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The "mapping" of the brain, while accelerating, has been growing at a rather slow pace. In fact one of the few large 'mapping' projects is conducted by a non-academic entity, the Allen (of microsoft fame) institute (http://www.brain-map.org/). The reason for this slow progress is the small scale and scope of most investigations. Thousands of studies are being repeated (and mice sacrificed) because of the lack of both data sharing and concerted planning among neuroscientists. The academic pressure for publishing fast unfortunately limits the scope of most scientists to projects that can bring results easily.

This new project sounds like it is the neuroscientific analog of LHC or the Human Genome Project. The truth is that we wouldn't be able to replace the LHC with 1000 synchrotrons.




Maybe but one of the reason why there is such slow growth is that there's so much disagreement amongst researchers about how to interpret results.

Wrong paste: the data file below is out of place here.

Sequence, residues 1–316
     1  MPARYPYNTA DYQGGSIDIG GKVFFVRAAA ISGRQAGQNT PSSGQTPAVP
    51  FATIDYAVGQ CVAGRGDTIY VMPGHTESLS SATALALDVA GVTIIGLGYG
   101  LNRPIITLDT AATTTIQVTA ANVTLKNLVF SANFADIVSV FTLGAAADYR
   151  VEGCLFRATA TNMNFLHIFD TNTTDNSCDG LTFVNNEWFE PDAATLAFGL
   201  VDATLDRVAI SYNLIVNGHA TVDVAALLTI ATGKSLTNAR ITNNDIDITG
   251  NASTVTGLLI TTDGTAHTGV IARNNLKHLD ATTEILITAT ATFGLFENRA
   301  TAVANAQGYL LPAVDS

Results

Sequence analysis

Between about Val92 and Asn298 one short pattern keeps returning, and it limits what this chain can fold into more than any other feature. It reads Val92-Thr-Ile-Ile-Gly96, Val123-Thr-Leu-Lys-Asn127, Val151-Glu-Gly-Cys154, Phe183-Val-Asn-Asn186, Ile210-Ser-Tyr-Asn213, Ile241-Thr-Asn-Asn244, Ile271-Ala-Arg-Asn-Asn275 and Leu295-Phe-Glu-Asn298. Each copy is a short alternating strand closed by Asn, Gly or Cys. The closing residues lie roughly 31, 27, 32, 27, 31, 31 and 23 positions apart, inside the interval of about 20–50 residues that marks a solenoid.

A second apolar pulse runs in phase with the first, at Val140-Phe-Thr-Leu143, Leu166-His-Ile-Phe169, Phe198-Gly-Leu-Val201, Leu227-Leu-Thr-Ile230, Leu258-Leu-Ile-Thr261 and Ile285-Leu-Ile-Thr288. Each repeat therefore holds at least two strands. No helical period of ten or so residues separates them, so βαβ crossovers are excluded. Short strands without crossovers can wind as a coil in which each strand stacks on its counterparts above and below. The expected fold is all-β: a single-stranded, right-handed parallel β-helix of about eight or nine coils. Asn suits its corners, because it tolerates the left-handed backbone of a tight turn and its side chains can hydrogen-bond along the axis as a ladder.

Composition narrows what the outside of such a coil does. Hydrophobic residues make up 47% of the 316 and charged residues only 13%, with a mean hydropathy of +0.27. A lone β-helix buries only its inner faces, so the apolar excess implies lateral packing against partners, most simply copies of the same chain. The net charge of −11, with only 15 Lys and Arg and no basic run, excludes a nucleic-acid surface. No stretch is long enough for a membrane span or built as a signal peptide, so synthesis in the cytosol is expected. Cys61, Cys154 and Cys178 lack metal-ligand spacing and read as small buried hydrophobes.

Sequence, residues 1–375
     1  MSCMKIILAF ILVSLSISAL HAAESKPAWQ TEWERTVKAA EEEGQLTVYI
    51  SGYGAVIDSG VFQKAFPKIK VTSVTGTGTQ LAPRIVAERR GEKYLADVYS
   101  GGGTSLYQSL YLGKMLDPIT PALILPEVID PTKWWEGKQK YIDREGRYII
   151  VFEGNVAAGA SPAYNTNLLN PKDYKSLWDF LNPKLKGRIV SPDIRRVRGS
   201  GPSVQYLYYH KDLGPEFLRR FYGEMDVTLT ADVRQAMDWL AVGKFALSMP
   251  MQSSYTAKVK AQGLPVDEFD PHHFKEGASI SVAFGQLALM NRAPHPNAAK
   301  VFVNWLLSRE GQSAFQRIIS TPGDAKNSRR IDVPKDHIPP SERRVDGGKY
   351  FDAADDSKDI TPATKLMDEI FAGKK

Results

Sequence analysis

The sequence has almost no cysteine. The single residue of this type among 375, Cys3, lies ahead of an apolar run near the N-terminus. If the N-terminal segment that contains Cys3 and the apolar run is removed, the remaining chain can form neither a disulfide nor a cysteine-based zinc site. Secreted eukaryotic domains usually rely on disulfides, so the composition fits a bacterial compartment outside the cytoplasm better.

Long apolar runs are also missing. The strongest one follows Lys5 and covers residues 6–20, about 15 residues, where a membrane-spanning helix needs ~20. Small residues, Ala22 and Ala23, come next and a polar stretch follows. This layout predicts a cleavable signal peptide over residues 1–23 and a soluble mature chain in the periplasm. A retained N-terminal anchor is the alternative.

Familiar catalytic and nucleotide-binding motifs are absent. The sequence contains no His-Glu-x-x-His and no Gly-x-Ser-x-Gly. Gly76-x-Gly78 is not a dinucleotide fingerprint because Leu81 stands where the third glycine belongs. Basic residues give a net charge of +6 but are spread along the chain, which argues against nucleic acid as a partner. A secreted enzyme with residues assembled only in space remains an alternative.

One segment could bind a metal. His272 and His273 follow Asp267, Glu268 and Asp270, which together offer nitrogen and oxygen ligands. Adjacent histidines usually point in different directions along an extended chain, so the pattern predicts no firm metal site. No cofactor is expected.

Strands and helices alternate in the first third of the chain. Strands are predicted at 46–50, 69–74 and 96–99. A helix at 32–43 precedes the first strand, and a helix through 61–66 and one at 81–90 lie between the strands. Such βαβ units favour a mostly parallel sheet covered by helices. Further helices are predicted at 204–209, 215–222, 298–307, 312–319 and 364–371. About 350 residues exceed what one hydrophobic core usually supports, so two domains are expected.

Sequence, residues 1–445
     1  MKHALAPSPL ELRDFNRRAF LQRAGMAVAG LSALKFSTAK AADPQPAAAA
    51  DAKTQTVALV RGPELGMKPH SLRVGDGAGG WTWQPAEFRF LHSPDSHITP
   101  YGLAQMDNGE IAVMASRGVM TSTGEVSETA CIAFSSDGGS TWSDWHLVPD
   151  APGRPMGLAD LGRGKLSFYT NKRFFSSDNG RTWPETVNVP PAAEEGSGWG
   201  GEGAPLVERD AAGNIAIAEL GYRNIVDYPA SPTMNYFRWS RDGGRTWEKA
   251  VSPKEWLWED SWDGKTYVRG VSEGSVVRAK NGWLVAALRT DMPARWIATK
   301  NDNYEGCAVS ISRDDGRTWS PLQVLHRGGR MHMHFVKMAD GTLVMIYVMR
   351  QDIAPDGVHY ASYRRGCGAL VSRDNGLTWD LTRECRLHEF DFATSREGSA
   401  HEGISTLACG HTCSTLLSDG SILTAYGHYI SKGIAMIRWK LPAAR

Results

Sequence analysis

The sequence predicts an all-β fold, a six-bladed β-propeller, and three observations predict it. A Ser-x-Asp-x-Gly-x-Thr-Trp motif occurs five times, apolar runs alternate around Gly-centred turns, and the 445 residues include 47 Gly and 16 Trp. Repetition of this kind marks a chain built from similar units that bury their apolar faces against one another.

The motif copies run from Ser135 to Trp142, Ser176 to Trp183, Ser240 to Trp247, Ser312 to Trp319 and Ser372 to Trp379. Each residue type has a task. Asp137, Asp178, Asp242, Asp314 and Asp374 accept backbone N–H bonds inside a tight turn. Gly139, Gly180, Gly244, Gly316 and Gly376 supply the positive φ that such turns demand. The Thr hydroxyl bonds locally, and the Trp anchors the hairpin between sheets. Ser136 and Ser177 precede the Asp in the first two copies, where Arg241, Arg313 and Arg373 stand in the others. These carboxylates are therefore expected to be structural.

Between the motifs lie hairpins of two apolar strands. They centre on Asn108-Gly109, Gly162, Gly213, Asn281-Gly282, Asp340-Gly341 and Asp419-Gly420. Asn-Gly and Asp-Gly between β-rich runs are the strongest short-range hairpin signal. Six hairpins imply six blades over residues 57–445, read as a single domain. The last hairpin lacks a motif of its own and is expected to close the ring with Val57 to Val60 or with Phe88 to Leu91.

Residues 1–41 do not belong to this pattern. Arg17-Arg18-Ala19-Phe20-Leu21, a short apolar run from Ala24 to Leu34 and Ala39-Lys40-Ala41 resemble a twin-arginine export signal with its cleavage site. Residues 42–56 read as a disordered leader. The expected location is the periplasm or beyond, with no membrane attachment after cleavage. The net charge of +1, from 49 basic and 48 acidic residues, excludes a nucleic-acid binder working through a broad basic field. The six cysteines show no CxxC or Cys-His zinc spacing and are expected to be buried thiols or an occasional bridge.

I would be much happier if this project was focusing on creating the LHC equivalent in brain mapping w.r.t. instrumentation and methods. For instance, a cheaper imaging technology that offered 2-3x the resolution of current techniques. That would be a much more focused goal and would have clear benefits for all scientists working in these areas.


The LHC (and even the HGP) were largely engineering projects. Basic science is much more hard to focus, but there is an overarching goal nevertheless: "figure out how the brain works by any means". I presume imaging methods are part of this.


ADNI initiative shares data and most researchers are part of it. NIH is HUGE on sharing.


Interesting, i 've never been able to find e.g. spike recordings from a published study. ADNI seems to be only about alzheimers




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